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SETDA researched and interviewed state and district leaders to learn more about the process for selecting quality instructional materials. The following state snapshots describe the selection process.
Visit the State Snapshots Chart webpage to see a summary of state vetting processes.
Alabama is currently vetting science materials for all grade levels.
The ALEX Team recruits Resource Reviewers based upon their educational expertise as well as experience with the ALEX Program. Once recruited, the Team considers two variables when ranking reviewer effectiveness:
- Timeliness – How long does a lesson review take after assigned?
- Review Quality – Is the resource ready for Tier 2 approval without having to be rejected? Are there grammatical or spelling issues? Do objectives, procedures, and content standards align?
By using these two variables, the Team ranks reviewers on a scale from 1 – 5. Reviewers with a higher rank are the ones who are utilized first when resources are submitted for review. Typically, reviewers can expect to spend an average of 30 minutes per lesson review. You can find the ALEX Resource Reviewer Application by clicking here.
Process and Training
ALEX provides the ALEX Lesson Plan Self-Check for reviewers as well as the ALEX Lesson Plan Criteria Checklist. ALEX utilizes an online interface for vetting lesson plans and resources. ALEX assigns lesson plans/resources to reviewers. The online interface allows the reviewer to see what the lesson plan will look like when published. It also allows the reviewer to check links and make minor changes like grammatical, spelling, etc. After reviewing the resource and determining that it meets the criteria, the reviewer approves the resource. If a resource does not meet the criteria, the reviewer adds comments to the author. Comments should include information on how the lesson can be improved and why it was rejected. Otherwise, the author will have no guidance on how to improve chances for the lesson being approved. The reviewer The reviewer rejects the resource based on Level1. This action sends an email with comments to the plan author AND the ALEX Team, which also includes the review.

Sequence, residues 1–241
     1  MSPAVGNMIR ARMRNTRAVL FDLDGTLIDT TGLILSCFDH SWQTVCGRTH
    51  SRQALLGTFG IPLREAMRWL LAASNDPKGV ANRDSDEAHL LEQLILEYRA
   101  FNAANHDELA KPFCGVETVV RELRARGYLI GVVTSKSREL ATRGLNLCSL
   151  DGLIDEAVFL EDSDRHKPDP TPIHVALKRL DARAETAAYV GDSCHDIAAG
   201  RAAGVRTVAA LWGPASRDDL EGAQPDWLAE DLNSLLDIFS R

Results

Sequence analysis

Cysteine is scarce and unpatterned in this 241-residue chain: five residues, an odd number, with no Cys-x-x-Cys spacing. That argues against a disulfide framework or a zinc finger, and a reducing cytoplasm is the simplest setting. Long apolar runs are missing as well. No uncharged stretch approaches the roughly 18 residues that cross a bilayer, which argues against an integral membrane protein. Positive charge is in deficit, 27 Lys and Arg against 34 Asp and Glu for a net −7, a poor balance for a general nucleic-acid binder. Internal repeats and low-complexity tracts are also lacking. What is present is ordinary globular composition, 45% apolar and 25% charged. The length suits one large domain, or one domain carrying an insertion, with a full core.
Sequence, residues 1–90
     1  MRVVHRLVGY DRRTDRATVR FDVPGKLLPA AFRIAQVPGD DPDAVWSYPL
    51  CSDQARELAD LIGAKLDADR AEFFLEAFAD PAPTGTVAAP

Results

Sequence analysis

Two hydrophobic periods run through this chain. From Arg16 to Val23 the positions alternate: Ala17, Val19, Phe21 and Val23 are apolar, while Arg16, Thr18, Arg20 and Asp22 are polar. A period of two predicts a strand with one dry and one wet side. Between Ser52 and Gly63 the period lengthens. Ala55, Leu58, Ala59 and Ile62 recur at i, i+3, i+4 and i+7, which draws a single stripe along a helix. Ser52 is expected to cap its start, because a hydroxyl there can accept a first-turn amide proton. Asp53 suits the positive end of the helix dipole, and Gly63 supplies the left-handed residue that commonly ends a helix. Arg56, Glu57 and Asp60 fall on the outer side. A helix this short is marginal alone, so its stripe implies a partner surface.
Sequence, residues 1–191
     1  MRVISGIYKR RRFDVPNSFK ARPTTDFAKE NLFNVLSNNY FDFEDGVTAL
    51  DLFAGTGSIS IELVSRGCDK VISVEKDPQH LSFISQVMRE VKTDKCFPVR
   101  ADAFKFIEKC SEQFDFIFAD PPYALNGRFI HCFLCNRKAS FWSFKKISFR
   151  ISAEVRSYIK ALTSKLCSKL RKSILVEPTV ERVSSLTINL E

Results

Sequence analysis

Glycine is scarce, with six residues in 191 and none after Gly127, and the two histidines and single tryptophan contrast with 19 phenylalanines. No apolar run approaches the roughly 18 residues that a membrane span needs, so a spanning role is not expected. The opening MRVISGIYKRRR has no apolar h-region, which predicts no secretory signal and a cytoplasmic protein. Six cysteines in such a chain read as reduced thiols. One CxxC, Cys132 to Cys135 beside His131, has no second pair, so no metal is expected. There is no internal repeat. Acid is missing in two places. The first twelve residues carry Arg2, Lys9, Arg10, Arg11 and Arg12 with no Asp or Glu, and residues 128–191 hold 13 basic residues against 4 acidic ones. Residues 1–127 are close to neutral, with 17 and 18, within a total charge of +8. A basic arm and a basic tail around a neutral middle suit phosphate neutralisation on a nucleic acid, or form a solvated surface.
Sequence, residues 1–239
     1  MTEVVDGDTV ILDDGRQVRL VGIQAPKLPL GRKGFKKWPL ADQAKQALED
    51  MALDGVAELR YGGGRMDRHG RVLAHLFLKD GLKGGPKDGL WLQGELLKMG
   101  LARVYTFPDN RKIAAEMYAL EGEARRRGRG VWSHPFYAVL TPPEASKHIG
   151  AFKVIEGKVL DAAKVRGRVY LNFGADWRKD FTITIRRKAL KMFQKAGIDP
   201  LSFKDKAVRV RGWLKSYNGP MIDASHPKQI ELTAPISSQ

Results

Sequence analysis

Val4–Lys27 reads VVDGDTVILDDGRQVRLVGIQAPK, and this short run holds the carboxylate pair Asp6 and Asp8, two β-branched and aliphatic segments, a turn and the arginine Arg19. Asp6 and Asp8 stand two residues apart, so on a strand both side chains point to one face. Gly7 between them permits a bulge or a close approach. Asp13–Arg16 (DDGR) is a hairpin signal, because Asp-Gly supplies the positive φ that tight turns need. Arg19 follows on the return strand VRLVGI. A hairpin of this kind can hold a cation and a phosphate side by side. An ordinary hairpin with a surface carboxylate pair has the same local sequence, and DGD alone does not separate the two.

In addition to the online review interface, ALEX also maintains a spreadsheet to keep track of where the lesson plans are in the review process. If you reject a lesson, the reviewer should type “No” in the Tier1 Approved column of the spreadsheet. If the resource author resubmits, it will automatically come back to your evaluator’s area. Review the plan again to see if appropriate changes were made. If not, reject the plan again and make a note in the Notes column. You are responsible for reevaluating and rejecting/approving a plan if it is resubmitted, even after you have been paid for the review. If the resource passes your review, click Approve Level 1, then change the Tier1Approved “No” to a “Yes” and add to the Notes column.
If, for example, there are problems with the Title, Overview, and Procedures, etc., list those lesson plan parts in a Word or Google Doc to make notes. You might consider recording notes for every reviewed plan in one document. Notes can then be copied and pasted in the Comments box if the plan is rejected, and also archived in case there are questions later.
Reviewers use the ALEX Lesson Plan Criteria Checklist for lesson plan review. The checklist includes five criteria:
- Criteria 1: Alignment to CCRS/CoS
- Criteria 2: Focus/Shifts of the CCRS/CoS
- Criteria 3: Instructional Supports
- Criteria 4: Assessment
- Criteria 5: Format and Technical Logistics
A lesson plan that Meets Criteria is one in which the writer provides compelling evidence of a clearly-written, well-structured Lesson Plan that engenders student engagement, deep learning, and preparation for living/working successfully a digital world.